[erlang-questions] Erlang newbie questions

CGS cgsmcmlxxv@REDACTED
Tue Oct 18 13:29:39 CEST 2011

Thanks, Joe and Ulf for those comments. Yes, I was missing that part in 
expressing my point. In my post, there were just two simple points I 
wanted to pass further:
1. one cannot compare a single thread application written in C with 
multithread application in Erlang (if you do want to compare, the 
comparison should go from multithread Erlang application to multithread 
C application);
2. as Joe simplified and I was also mentioning that, one doesn't need to 
reinvent Erlang/OTP when you have it already.

Joe, I met cases when those 5% meant a lot (especially in the long time 
consuming physics simulations). In those cases, I would still prefer C 
to Erlang. But, as I said, each language has its own beauty and you need 
to look at it from the correct angle to make the best use of it. I would 
still write a game AI in C and not in Erlang or JavaScript (where there 
is an attempt based on jQuery). Maybe it's about me, but I still 
consider C as being more suitable for that task. On the other hand, as I 
said it before, I wouldn't start writing a network application in C when 
Erlang provides such simple ways to do it. But these are just examples 
and there is much more in each of them. So, it's a matter of what you 
need and where each of the languages shows more beauty in approaching 
the problem. I wouldn't just discard C yet, but I wouldn't deny the 
productivity of Erlang. It's the same case with all the languages: they 
came as a need to cover different sectors (and I can give a lot of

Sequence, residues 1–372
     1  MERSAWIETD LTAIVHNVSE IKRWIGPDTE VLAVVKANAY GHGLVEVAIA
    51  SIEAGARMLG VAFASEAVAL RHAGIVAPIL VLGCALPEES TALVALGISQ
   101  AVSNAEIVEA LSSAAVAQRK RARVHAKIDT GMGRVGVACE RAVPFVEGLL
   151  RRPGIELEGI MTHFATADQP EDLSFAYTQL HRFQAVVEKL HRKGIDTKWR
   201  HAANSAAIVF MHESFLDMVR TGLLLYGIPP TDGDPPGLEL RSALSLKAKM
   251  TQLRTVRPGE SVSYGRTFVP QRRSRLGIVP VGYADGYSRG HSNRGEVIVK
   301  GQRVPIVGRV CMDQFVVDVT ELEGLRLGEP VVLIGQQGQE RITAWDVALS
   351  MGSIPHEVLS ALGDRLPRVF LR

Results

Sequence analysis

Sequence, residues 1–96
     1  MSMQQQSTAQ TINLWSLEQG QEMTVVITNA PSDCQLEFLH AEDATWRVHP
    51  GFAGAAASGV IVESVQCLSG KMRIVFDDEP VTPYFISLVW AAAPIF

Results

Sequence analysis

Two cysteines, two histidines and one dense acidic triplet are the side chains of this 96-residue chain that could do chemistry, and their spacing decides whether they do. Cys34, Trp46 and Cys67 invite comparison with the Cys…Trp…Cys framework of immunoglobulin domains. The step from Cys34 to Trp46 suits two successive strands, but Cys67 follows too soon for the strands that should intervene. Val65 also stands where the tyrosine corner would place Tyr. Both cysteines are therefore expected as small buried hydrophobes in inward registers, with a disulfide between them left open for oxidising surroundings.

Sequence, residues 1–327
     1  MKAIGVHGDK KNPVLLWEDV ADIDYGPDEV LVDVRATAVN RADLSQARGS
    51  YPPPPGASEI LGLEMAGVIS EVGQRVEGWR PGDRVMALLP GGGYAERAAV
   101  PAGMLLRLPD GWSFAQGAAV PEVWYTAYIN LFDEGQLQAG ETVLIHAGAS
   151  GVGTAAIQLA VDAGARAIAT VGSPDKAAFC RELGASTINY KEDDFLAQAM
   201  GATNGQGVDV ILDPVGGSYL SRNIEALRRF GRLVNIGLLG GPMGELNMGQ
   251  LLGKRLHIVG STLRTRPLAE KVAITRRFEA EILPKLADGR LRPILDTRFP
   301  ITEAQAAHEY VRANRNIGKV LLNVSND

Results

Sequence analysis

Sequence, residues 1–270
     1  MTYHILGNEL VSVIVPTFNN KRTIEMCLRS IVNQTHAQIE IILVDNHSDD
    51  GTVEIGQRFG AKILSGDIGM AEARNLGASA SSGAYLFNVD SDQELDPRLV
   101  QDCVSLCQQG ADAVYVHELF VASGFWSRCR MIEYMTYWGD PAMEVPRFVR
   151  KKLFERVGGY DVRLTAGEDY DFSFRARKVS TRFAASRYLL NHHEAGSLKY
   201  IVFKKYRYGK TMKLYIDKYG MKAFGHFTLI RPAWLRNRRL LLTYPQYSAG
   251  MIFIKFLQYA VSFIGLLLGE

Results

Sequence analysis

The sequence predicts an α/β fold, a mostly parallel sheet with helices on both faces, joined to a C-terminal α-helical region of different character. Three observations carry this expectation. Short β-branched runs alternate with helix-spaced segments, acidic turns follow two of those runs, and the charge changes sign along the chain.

examples, but you already know them).


On 10/18/2011 12:26 PM, Ulf Wiger wrote:
> On 18 Oct 2011, at 12:20, Joe Armstrong wrote:
>> On Tue, Oct 18, 2011 at 11:53 AM, Ulf Wiger
>> <ulf.wiger@REDACTED 
>> <mailto:ulf.wiger@REDACTED>> wrote:
>>> On 18 Oct 2011, at 11:47, Joe Armstrong wrote:
>>> Mutithreaded C implies some kind of data exchange between
>>> different C threads - now there are many ways to do this - the
>>> cleanest alternative
>>> is by copying message passing. The dirtiest - is by shared memory and
>>> mutexes.
>>> I beg to differ. The dirtiest way is by shared memory *without* mutexes.
>> You mean ... I didn't know that was possible - I though emacs detected
>> this and you were instantly
>> fired and your house set on fire, and your bones melted down for glue
>> and so on …
> Like I said… dirty.
> I recall an admonition from a seminar on programming for multicore:
> "You cannot use priorities for mutual exclusion!"
> Presumably, this technique is commonly used, since it was deemed 
> necessary to point out especially that this is not safe on a multicore 
> machine.
> http://www.chibios.org/dokuwiki/doku.php?id=chibios:guides:mutual_exclusion_guide#priority_boost
> BR,
> Ulf
> Ulf Wiger, CTO, Erlang Solutions, Ltd.
> http://erlang-solutions.com
> _______________________________________________
> erlang-questions mailing list
> erlang-questions@REDACTED
> http://erlang.org/mailman/listinfo/erlang-questions

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